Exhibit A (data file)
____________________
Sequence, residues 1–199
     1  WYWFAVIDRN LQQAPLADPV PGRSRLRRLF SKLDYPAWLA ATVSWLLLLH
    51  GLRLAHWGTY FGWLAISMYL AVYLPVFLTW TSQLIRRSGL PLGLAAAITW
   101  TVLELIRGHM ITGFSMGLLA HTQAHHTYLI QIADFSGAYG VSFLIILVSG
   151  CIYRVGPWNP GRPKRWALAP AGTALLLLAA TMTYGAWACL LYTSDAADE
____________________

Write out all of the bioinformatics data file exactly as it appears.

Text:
Sequence, residues 1–199
     1  WYWFAVIDRN LQQAPLADPV PGRSRLRRLF SKLDYPAWLA ATVSWLLLLH
    51  GLRLAHWGTY FGWLAISMYL AVYLPVFLTW TSQLIRRSGL PLGLAAAITW
   101  TVLELIRGHM ITGFSMGLLA HTQAHHTYLI QIADFSGAYG VSFLIILVSG
   151  CIYRVGPWNP GRPKRWALAP AGTALLLLAA TMTYGAWACL LYTSDAADE